dwarf (indoor) key lime - green leaves curling and falling off

b_rennFebruary 4, 2013

Have had this key lime from Gurneys (arrived about 5"tall) since last spring and had been doing fine.
Kept indoors always in corner of room with large S and W facing windows.
Potted in approx 6 gallon plastic pot with 100% peat moss except for stone base for drainage.

Watered tree a few weeks ago with miracle grow that contained a very very small drop of superthrive (which I now know is not ideal). That is the only thing different in regular routine in the past year. House temp is probably around mid to low 60's.

Leaves are now still all green but curling (to a crisp) and falling off. Prior to that they looked wilted for a few days. I will post picture as soon as i can but am wondering if anyone has ideas other that what i have already searched or read.

It seems to me that since it has never been outside or had a problem before that i can rule out insects?

My watering plan to date has been to stick a finger 3-4" deep and water only if dry. Room has a fireplace so maybe it could have dried out faster due to fireplace but since I noticed the wilted look I have kept it moist?

Complete NOVICE accepting any and all ideas. Including where to buy a better potting medium asap than just peat moss...

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Curling leaves is often a sign of under watering.
One of the problems with peat is that once dry it is extremely difficult to re-wet. My guess is that you underwatered and the peat dried out. Unless you weigh down and soak the whole thing in a bucket of water for 24 hours, it is quite possible that only the outer layer of peat is now damp and the centre stayed dry.

    Bookmark   February 4, 2013 at 3:48PM
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thanks, here is a photo of the plant. The peat was very dry and the water lately has sat on top of the peat instead of soaking into it. maybe that is what happened here...

The root-ball area in the center of the pot is now moist, but everything around it is bone dry is that a problem? should I still soak it?


    Bookmark   February 4, 2013 at 5:23PM
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Yes, the peat is probably repelling water, and you should probably transplant it as soon as you can settle on a new well-draining soil, the sooner the better. There's a lot of information on this forum about different citrus soil choices. The peat needs to be soaked, but not sure the plant should be kept in water for 24 hours, you're in a difficult situation. I wouldn't soak the pot with the plant in it for more than 30 minutes, but others here my have more experience with this dilemma.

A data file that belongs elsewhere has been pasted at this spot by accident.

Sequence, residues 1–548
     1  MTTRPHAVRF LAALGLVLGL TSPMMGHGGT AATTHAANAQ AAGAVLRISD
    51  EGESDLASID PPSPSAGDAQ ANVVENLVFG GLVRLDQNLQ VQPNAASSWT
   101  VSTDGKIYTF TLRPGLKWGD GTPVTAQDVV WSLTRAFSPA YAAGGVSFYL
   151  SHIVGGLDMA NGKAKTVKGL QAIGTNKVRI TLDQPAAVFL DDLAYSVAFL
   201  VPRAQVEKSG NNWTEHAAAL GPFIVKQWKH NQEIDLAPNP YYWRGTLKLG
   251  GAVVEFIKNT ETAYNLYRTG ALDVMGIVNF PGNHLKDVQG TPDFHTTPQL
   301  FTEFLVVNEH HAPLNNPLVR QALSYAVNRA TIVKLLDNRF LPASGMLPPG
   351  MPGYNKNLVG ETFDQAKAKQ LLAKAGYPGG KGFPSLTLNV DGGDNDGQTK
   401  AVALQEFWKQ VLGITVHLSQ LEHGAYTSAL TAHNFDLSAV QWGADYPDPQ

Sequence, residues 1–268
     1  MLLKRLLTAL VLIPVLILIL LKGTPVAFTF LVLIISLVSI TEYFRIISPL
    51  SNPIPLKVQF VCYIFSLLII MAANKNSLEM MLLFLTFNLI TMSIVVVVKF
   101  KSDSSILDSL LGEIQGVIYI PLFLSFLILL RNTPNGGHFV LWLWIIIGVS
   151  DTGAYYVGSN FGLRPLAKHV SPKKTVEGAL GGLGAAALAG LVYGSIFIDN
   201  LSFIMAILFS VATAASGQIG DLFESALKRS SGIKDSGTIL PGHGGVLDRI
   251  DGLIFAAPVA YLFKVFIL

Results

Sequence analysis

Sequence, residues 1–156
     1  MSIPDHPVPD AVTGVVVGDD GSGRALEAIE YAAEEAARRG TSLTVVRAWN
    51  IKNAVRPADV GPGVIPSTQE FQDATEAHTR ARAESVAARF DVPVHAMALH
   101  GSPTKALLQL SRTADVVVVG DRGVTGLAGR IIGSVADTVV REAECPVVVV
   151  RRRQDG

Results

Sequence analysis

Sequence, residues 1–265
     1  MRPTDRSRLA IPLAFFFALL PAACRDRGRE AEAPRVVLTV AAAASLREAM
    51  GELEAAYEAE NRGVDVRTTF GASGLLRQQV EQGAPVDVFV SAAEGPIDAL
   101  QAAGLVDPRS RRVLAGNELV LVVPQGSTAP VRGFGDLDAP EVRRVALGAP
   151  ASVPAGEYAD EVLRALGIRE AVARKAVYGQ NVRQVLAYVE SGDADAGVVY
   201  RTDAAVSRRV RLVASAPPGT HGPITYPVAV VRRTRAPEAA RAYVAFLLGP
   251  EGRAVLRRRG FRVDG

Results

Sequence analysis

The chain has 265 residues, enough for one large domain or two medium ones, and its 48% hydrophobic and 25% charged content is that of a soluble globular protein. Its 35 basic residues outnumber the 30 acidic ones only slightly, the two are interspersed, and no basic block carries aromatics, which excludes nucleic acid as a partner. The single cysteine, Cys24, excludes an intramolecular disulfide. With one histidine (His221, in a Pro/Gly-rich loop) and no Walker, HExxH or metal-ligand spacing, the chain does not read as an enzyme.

Bookmark   February 4, 2013 at 5:39PM
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You still need to soak this. A day in water (never colder than room temperature) will do no harm and is the only way to penetrate dry peat.
In addition to the wrong soil, such a small plant should never have been potted into such a huge container. Again, it leads to watering problems because if you give enough water to supply the plant at the centre then the rest of the soil stays too damp. A well-growing citrus plant can be re-potted every couple of years into a pot just a bit bigger than the previous one.

    Bookmark   February 6, 2013 at 4:35AM
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hoosierquilt USDA 10A Sunset 23 Vista CA(10b Sunset 23)

I agree with Citrange on this. Way too large a pot, and not a good potting medium. I would search for "511 mix" on our forum for a great container potting medium. Or, if you can find it in your area, Farfad Professional Heavy potting mix (again, search our Forum for "Farfad" to get the best recommendations for this pre-packaged mix). I would do this right away, your little tree is failing rapidly. The good news, is citrus are very resilient, so if you can get this tree potted up in a much smaller pot, about 1/2 the size you currently have it potted in, and in about 2 or 3 weeks, after it has settled down a bit, start fertilizing with DynaGro Foliage Pro, you should start to see a come back. Lots of sunlight, too.

Patty S.

    Bookmark   February 6, 2013 at 12:08PM
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